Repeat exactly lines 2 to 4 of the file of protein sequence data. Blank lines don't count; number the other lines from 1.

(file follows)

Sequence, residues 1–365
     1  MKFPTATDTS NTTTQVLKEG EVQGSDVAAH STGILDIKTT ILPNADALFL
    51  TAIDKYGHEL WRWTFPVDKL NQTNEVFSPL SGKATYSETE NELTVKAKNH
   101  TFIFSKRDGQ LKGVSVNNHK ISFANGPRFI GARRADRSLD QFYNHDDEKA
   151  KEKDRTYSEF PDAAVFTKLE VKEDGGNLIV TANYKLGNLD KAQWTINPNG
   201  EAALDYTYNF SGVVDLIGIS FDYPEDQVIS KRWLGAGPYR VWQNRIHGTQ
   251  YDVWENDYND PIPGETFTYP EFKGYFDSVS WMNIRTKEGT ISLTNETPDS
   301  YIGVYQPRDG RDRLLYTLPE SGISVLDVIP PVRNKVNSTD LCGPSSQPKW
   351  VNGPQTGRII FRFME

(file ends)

     1  MKFPTATDTS NTTTQVLKEG EVQGSDVAAH STGILDIKTT ILPNADALFL
    51  TAIDKYGHEL WRWTFPVDKL NQTNEVFSPL SGKATYSETE NELTVKAKNH
   101  TFIFSKRDGQ LKGVSVNNHK ISFANGPRFI GARRADRSLD QFYNHDDEKA